To facilitate developing its recommendations, the committee divided the chimpanzee population into five components: the present breeding population supported by NCRR, animals now on research protocols, animals available for research (both naive and those used in prior studies), animals used in previous government-sponsored research that are no longer needed for research and pose a risk to human health, and animals that are no longer needed for research or breeding and pose no
risk to human health. Each component presents unique opportunities and problems and is more fully addressed in chapter 2.
Not all of the initial core population recommended for government ownership is likely to be needed, and options should be sought for nongovernment support of animals that are no longer needed for research and breeding and are not thought to constitute a human health hazard. Cost savings and more effective use of the current overcrowded facilities could be achieved by transferring such animals to appropriate public (nongovernment) sanctuaries. That would save money by reducing the number of animals for which long-term maintenance is required in research facilities and reducing the requirements for expansion of current facilities. Properly designed, such sanctuary facilities should provide lower-cost maintenance of the animals than is possible in existing research facilities. Therefore,
(4) The concept of sanctuaries capable of providing for the long-term care and well-being of chimpanzees that are no longer needed for research and breeding should become an integral component of the strategic plan to achieve the best and most cost-effective solutions to the current dilemma.
The most obvious deficiency in present population management is the absence of a central coordinating program responsible for balancing the need to advance scientific knowledge relevant to human health with the short-term and long-term needs of the chimpanzee population. Rather, there is a system driven by fragmented approaches that primarily react to immediate needs. The committee believes that many of the scientific and ethical problems addressed in this report are a consequence of the general lack of coordination. Therefore,
(5) A single multiagency organizational unit, the Chimpanzee Management Program (ChiMP), should be established within the office of the director of the National Institutes of Health, or as described below, and be given direct administrative and fiscal responsibility for government-owned animals that are considered necessary to meet current and long-term national needs.
ChiMP should be an autonomous body with sole responsibility and
authority for coordinating the management and use of a US-government-owned population of chimpanzees for use in biomedical research by any government agency or department, irrespective of whether an investigator is employed by the government, receives research funding from a government source, or represents private enterprise. The committee believes that ChiMP, housed within the office of the Director of NIH (or a suitable alternative that has the autonomy, infrastructure, and expertise to manage the program), should serve as the leader of a consortium of government agencies that would include the Centers for Disease Control and Prevention, the Food and Drug Administration, and the Department of Defense, all of which need chimpanzees to fulfill their missions. Substantial cost savings will be achieved if participating agencies pool existing resources allocated to chimpanzees and jointly develop procurement plans for the long-term care of government-owned animals. Because the animals constitute a national resource that benefits all of society, they should not have to compete for funds for their long-term care with other entities that need resources that are already overextended for current and future biomedical research. The committee urges that the ChiMP office encourage and assist in efforts now being led by private initiatives and animal-protection organizations to develop sanctuary facilities for chimpanzees that are no longer needed for research or breeding.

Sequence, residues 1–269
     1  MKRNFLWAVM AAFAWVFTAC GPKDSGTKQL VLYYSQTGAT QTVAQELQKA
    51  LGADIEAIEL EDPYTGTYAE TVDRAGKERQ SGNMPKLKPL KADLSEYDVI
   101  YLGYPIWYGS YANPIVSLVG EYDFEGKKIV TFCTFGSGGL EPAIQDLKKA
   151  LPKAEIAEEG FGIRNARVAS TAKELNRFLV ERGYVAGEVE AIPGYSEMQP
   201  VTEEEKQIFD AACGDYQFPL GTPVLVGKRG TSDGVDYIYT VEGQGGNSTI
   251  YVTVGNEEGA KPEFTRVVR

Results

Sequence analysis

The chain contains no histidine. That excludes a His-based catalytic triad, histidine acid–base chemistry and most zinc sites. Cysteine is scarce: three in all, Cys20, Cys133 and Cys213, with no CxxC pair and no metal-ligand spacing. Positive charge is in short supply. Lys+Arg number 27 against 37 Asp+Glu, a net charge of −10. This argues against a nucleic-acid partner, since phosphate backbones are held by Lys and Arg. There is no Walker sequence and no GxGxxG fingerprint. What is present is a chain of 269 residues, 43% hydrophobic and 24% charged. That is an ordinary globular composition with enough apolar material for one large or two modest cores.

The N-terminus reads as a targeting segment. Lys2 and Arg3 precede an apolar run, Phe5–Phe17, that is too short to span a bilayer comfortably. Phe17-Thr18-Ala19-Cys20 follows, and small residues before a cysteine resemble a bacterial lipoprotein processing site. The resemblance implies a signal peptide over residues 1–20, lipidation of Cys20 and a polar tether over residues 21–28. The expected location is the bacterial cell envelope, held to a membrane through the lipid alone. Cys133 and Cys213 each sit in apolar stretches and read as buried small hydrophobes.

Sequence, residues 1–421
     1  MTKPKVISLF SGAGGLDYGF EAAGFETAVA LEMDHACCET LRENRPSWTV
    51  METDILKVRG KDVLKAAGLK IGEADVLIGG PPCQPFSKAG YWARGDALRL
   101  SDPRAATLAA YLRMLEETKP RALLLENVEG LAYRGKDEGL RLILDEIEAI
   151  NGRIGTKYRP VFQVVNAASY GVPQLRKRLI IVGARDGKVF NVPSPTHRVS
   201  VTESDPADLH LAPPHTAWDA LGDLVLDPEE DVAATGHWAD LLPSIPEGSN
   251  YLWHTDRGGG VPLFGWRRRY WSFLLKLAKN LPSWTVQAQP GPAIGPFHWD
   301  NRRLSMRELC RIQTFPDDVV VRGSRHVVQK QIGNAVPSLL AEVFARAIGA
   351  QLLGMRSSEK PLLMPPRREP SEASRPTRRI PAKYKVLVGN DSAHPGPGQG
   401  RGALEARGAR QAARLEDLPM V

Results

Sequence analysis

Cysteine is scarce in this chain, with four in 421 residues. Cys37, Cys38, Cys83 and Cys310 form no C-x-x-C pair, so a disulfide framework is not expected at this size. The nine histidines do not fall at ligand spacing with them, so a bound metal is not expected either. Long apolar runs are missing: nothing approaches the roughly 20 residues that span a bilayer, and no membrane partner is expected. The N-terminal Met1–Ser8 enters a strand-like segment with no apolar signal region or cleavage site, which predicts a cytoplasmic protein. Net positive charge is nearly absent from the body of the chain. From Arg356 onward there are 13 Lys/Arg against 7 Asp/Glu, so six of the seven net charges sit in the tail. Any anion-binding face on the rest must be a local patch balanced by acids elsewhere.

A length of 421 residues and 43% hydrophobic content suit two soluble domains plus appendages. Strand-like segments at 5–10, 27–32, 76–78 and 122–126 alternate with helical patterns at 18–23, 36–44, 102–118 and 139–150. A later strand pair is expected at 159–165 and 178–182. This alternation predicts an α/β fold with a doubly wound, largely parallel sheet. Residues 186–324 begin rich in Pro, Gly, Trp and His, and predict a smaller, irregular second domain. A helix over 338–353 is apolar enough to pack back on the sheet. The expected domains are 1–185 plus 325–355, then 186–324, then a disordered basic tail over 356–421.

The committee views development of a centralized management structure as the only rational vehicle for implementing its recommendations. It also recognizes that the breadth of expertise needed for oversight of the chimpanzee resource is not likely to exist in a single office or agency. Therefore,
(6) An appropriate advisory council of nongovernment experts should be created as a chartered committee for the purpose of establishing policies of ChiMP and for monitoring the short-term and long-term implications of the foregoing recommendations, including implications for research use, breeding-colony size, demography, genetics, and long-term care.
The need for combined centralization of management and oversight is so obvious that the last two recommendations of the Committee on
the Long-Term Care of Chimpanzees represent platforms for carrying out its core recommendations. If the committee's recommendations are followed, biomedical and behavioral research using chimpanzees can continue to thrive in a productive, ethically responsible, and cost-effective manner. If, however, the current lack of long-range planning and coordination continues, the combination of excess captive chimpanzees in the US biomedical population and lack of facilities and resources to care for increasing numbers adequately will soon become an insurmountable problem of enormous complexity, cost, and ethical concern. Lacking the ability to relocate their animals to acceptable alternative facilities, colony managers will be forced to reduce population numbers through euthanasia. The likelihood of this ''train wreck" scenario must be considered in light of the broader issues surrounding the well-being of chimpanzees. In the final analysis, it is difficult to conceive that our society would accept a system that deteriorated to the point where euthanasia of chimpanzees became the best or only humane option.